Livelihoods, tropical forest conservation, environmental attitudes, forest biomass, ndvi, fruit bats, ghana


Human activities are a major driver of biodiversity degradation and loss, especially in tropical forest areas, where forest-fringe towns and villages depend on the forests for their livelihoods. In order to reduce threats that human activities pose to biodiversity, livelihoods support programs are employed as economic incentives for biodiversity conservation. These programs support the livelihoods activities of local communities, with the aim of triggering favorable attitudes and behaviors towards conservation, and ultimately reduce biodiversity degradation. Their effectiveness as conservation tools has not been evaluated. I investigated the effects of livelihoods programs on conservation attitudes and the consequent effects on biodiversity in the Afadjato-Agumatsa and Atewa forest areas in southeastern Ghana. The study areas are coupled human and natural systems, which are excellent for research in the theoretical framework of biocomplexity in the environment. Using literature reviews and field visits, I documented the specific livelihoods support activities (LSAs) used for biodiversity conservation, their historical trend and geographical distribution in Ghana. I used ex-post costbenefit analysis to determine socio-economic estimates of the LSAs in the two forest areas. Since communities were not randomly assigned to the interventions, I employed quasi-experimental design to evaluate the effects of LSAs on environmental attitudes. I evaluated the effect of conservation attitudes on biodiversity at two levels. These levels included 1) functional biodiversity at the landscape level represented by mean Normalized Difference Vegetation Index (NDVI) of forest; and 2) compositional biodiversity at the species level represented by species diversity of fruit bats. iv The earliest record of LSAs used for biodiversity conservation in Ghana was in 1993. I identified 71 different activities belonging to eight categories. Some of these activities are beekeeping, animal husbandry, crop farming, and snail rearing. Most LSA programs have been in northern Ghana. There was an increasing tendency to make LSAs part of every conservation program in Ghana and this satisfies the current policy of collaborative conservation. The socio-economic estimates of LSAs included: 1) capital investment; 2) net socio-economic benefits; and 3) the benefit-cost ratio. The per-community values of the three estimates were not different between the two study areas. The per capita values of capital investment and net economic benefit were not significantly different between the two study areas. However, benefitcost ratio per capita was higher in Afadjato-Agumatsa than in Atewa. Estimates of economic returns from LSAs were marginal but the perceptions of success were relatively high. Environmental attitudes in LSA communities and non-LSA communities were not significantly different, and this was confirmed by an estimate of infinitesimal effects of LSAs on forest conservation attitudes. Among LSA communities, benefit-cost ratio of LSAs predicted favorable forest conservation attitudes; and change in pro-conservation attitudes were significantly higher in communities that had active LSAs than in communities which had no active LSA. Mean NDVI of the forests decreased from 1991 to 2000 and decreased further but at a slower rate to 2010. Higher forest conservation attitudes predicted higher mean NDVI in 2010. Higher change in mean NDVI from 1991 to 2000 predicted higher change in mean NDVI from 2000 to 2010. Eleven of the 13 fruit bat species in Ghana were recorded in the study areas. Longer v distances between a local community and its forest predicted higher species diversity of forestspecialist fruit bats. The results indicate that LSAs have become a major contribution to Ghana’s current collaborative forest policy. The fact that perceptions of LSA success were moderate even though the economic returns from them were marginal suggest that other factors such as provision of employment, training in new skills and community cohesion played a part in how communities viewed the success as LSAs. Evaluations of conservation attitudes suggest that just participating in LSAs did not improve attitudes; but higher benefit-cost ratio predicted favorable conservation attitudes, and conservation attitudes were higher in communities that sustained their LSAs. Therefore, it may serve biodiversity conservation to invest in LSAs that can be sustained and involve the least costs to local communities. Primary production of the forests, a proxy for a functional habitat, continued to decrease. Preventing communities from locating closer to forests could improve fruit bat diversity, which contributes to natural forest regeneration. Improving conservation attitudes should be an objective of conservation at the landscape scale. On the basis of the results, I developed a conceptual model for forest biodiversity conservation in a biocomplexity framework. This model could be useful for evaluating conservation in tropical forest areas. Lessons from this study can be applied in other incentive-based conservation programs such as payments for ecosystem services systems and carbon market schemes. I suggest that this study be repeated after a decade and that other socio-political and biogeochemical variables be integrated into future studies.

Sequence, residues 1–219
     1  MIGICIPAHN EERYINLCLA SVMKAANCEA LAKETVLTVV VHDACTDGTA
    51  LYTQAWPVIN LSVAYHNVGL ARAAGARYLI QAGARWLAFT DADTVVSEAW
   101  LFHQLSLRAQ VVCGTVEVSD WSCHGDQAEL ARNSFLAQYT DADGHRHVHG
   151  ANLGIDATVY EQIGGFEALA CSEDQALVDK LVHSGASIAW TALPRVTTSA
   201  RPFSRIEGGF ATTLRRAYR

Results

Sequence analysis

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Graduation Date





Hinkle, Charles


Doctor of Philosophy (Ph.D.)


College of Sciences



Degree Program

Conservation Biology; Applied Conservation Biology








Release Date

May 2013

Length of Campus-only Access

1 year

Access Status

Doctoral Dissertation (Open Access)


Dissertations, Academic -- Sciences, Sciences -- Dissertations, Academic

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